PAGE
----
March 13, 1978
Tucked away in a nondescript Rockefeller Center office, filled with charts on traffic and people movements, darkroom equipment and movie projectors, works a small band of operatives whose unorthodox techniques could remake the face of hundreds of America's main streets in the years ahead.
Geographer Fred Kent and his colleagues run a small, nonprofit firm, Project for Public Spaces. They believe it's possible to plan for streets, plazas and parks, as if people mattered.
The PPS technique is disarmingly simple: A small team, on invitation from a government, a foundation, or merchant's group, moves into an area and watches how people actually use the place - how they move about, go to work, wait for buses, window shop, dodge vehicles, sun themselves or congregate in groups for talk or recreation. Based on these observations, including innovative use of time-lapse photography, suggestions are then made on how a street or park can be redesigned to be not just an open space, but a lively, livable place where people will want to be.
Kent's group is both a pedestrian lobby and a thorn in the side of specialists - traffic engineers, designers of cold architectural monuments, imperious city bureaucrats - who so often put their own professional predilections ahead of the interests of the man and woman and child on the street.
"We look at a whole space, a whole eco-system, all of the activities that are going on that people are relating to or not relating to, and then begin to make recommendations on how that place can be better designed and managed for what the public needs," Kent says.
PPS's time-lapse photography compresses hours of street activity into a few minutes on the screen. At a speed that outpaces the old Keystone Kops silent movies, pedestrians, buses, cars, and taxis whiz across the screen. Suddenly it becomes clear that parts of that river of movement are exceedingly inefficient, and that with relatively simple changes the street could be made infinitely more pleasant for people.
PPS's first study, shortly after it was formed in 1975, was of 27 blocks of the most intense activity on New York's Fifth Avenue - the premier shopping street of New York and perhaps the whole nation.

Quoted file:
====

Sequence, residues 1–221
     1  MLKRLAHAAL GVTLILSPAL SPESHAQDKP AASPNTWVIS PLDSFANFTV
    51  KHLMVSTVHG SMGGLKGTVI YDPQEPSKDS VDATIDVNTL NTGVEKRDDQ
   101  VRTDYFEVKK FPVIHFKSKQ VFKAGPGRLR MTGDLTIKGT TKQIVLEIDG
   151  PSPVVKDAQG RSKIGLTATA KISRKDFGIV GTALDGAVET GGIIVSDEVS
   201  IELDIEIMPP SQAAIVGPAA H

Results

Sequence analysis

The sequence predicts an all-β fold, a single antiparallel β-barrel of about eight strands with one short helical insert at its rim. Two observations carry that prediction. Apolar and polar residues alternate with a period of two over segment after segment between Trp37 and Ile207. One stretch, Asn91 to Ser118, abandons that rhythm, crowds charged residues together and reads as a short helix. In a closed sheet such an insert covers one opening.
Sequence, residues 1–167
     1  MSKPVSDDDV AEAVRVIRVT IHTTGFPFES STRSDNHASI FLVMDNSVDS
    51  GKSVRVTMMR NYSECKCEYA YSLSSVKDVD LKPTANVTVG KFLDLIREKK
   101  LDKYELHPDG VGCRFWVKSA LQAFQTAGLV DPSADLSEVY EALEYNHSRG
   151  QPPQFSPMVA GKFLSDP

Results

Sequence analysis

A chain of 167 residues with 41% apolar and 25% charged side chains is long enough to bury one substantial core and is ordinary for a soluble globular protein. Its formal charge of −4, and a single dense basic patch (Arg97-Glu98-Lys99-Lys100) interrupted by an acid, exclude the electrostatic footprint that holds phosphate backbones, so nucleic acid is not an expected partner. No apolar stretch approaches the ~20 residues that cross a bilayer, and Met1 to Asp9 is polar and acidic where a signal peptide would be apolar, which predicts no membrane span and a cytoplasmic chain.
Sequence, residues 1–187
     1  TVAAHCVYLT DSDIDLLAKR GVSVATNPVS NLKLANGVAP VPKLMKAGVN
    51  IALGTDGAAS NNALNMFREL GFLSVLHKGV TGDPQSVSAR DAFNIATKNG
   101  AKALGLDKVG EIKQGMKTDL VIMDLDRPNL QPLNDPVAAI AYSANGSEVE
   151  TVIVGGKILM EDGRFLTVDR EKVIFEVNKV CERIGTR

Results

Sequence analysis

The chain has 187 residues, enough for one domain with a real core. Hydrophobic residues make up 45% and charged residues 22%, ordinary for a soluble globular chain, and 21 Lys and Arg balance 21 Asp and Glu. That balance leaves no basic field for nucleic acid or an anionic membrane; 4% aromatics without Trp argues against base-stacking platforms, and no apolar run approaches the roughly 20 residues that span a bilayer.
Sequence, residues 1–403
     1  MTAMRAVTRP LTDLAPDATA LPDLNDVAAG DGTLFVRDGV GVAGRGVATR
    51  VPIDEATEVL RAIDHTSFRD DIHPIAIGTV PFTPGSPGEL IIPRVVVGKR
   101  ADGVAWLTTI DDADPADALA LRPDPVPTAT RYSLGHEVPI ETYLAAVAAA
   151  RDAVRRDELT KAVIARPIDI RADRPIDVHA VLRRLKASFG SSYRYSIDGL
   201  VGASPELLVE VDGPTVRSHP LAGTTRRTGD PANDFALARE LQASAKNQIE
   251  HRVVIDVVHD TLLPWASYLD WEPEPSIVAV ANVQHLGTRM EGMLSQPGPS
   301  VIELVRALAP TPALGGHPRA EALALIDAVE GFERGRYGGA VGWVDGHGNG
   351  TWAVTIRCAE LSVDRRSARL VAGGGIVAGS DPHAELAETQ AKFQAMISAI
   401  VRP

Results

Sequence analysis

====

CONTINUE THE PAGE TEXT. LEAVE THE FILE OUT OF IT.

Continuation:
People think of a street like Fifth Avenue as a great, nonstop sea of people. "But it isn't," Kent notes. PPS's films show graphically that the pedestrians are forced to move up and down the avenue in platoons. Why? "The traffic lights," Kent says, "are set for private cars and taxis with no consideration of the pedestrian whatsoever."
PPS found that minor shifts in traffic-light timing would end platooning and permit pedestrians to move along the avenue in a steady flow. Broadening the narrow crosswalks, it was suggested, would eliminate a bottleneck and deter pedestrians from spilling over the lines to mix dangerously with traffic. Shade trees would encourage pedestrians to use both sides of the street instead of crowding onto the shaded side on hot summer afternoons.
Fifth Avenue's parking lane, PPS found, was being monopolized by all-day parkers with diplomatic tags that made the owners immune from traffic tickets. The proposed solution: eliminate the parking lane; use the freed-up space to broaden each sidewalk seven feet, creating more space for planters and street seating that create cul-de-sacs conducive to window shopping. (Merchants, Kent notes, often don't recognize the "immense market potential of street space.")
In addition to time-lapse photography, Kent's group carefully counts pedestrians and people in vehicles and spends hours on the street to get a feeling for what can't be quantified - the "sense" of a place.